The BTK Killer

Dennis Rader gave himself the name “BTK Killer” (meaning Bond, Torture, Kill) in letters that he wrote to news media and police officers during his killings.

Rader was in the military for four years before he moved to Park City. He ended up working for ADT Security Services from 1974 to 1988, during the peak of his murder spree. He was going into the homes of the people who were trying to secure their homes… From him.

He killed 10 people between 1974 and 1991 in the Wichita, Kansas area.

On January 15th, 1974, four members of the Otero family were found murdered in their home. Father Joseph, 38, Mother Julie, 33, son Joseph, 9, and daughter Josephine, 11, were found by the family’s oldest child, Charlie.

On April 4th, 1974, he murdered Kathryn Bright, 21, by stabbing her three times in the abdomen.

It was three years before he found his next victim. Shirley Vian, 24, was found strangled to death by a rope on March 17th, 1977.

Later that same year, Nancy Fox, 25, was also found strangled to death by a belt on December 8th, 1977.

That’s when he sent his first letter to the media. KAKE opened a letter from Rader describing the murders and suggesting names for himself. BTK Killer stuck. He demanded media attention and claimed that Wichita had a serial killer on its hands.

Marine Hedge, 53, was found strangled to death on April 27th, 1985. Vicki Wegerle, 28, was found strangled by a nylon stocking on September 16th, 1986.

His last victim, Dolores Davis, 62, was found strangled on January 19th, 1991. He used her own pantyhose.

It was quiet for years, until 2004 when Rader sent yet another letter to news media outlets. In a letter sent to The Wichita Eagle he enclosed various photos of his bonded victims and copies of one drivers license.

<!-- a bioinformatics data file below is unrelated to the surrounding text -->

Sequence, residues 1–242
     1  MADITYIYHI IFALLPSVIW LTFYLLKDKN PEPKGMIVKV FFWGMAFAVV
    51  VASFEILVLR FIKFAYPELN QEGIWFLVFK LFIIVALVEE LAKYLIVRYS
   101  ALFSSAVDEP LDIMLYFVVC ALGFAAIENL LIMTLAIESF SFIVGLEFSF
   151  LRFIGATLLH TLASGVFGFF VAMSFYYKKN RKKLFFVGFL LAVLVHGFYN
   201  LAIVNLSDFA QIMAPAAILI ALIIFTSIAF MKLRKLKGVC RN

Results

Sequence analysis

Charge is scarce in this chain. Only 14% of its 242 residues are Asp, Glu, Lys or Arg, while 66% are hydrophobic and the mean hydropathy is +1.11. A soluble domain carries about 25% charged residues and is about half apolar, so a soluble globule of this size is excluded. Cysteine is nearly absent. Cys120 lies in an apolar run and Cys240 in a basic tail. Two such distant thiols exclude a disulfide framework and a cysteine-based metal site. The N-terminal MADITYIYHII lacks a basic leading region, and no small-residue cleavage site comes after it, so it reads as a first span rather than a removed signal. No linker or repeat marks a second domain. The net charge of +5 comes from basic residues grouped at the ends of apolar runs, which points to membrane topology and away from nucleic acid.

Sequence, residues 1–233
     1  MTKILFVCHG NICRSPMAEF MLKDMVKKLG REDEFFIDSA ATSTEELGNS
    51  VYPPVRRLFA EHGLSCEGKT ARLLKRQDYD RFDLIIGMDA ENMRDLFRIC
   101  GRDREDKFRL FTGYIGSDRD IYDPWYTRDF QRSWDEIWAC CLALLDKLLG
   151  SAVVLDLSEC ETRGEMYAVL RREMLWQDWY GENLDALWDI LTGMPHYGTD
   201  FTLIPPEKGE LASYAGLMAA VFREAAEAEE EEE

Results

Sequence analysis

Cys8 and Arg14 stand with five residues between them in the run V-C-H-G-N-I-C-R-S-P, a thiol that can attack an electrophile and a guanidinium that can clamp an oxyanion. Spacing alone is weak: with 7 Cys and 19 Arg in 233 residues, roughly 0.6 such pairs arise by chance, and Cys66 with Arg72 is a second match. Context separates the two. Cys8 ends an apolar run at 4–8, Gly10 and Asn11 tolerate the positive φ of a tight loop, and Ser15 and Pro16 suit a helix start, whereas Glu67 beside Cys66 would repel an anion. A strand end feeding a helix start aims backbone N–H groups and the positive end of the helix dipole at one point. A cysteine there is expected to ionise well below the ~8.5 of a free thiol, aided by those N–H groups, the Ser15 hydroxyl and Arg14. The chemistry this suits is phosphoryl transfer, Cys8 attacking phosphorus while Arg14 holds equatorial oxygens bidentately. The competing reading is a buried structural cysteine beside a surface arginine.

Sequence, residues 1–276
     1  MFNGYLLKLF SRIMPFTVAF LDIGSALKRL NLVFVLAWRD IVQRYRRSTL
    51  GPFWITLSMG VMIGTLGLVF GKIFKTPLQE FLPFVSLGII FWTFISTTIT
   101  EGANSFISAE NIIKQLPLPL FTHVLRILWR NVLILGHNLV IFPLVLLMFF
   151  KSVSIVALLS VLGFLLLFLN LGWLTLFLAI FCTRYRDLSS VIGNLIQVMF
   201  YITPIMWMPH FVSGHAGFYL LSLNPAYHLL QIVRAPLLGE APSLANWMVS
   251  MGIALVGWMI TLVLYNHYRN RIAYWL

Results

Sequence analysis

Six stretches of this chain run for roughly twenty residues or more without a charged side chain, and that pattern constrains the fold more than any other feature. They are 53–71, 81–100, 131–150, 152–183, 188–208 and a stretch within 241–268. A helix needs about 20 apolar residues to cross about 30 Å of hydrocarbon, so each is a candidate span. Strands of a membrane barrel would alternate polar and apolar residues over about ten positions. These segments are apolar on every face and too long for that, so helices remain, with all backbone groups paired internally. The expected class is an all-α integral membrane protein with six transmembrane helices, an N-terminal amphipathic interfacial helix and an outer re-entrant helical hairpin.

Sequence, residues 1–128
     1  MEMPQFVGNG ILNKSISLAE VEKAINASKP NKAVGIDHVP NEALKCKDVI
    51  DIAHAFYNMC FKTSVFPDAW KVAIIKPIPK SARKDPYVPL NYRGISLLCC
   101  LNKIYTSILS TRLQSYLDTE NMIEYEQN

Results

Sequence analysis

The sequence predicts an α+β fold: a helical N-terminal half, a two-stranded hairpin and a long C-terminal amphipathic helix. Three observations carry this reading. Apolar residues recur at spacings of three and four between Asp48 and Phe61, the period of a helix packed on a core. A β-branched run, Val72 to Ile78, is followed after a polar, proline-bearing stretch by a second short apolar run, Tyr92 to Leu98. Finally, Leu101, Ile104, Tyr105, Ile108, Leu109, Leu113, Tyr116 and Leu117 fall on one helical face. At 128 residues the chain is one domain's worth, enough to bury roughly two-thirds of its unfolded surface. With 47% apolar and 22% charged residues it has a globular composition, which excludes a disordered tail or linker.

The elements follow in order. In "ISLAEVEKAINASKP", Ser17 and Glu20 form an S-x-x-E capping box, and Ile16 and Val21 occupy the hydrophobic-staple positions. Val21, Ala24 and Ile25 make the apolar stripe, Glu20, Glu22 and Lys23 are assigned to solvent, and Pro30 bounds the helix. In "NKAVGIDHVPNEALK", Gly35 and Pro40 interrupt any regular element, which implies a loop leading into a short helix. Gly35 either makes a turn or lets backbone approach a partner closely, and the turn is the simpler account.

For the rest of the year, more random packages and letters were being dropped off at news outlets and random spots in the city from him. He left dolls bonded in parks for the police to find. He had more pictures of the victims as well, leaving them for police.

In one letter, Rader asked if a floppy disk could be traced. The police answered in a newspaper, saying that it would be safe to use the disk.Obviously, Rader then sent a floppy disk, a gold lecklace, and a photocopy of the cover of a story about a serial killer.

Police then used the metadata from a deleted Microsoft Word document which was on the floppy disk. The document was from the Christ Lutheran Church, where Rader was the president. It was last modified by “Dennis.”

Police were then able to find Dennis Rader, detain him, and convict him.

He described the murders in sick detail, and never one apologized. He was sentenced to 10 back-to-back life sentences.

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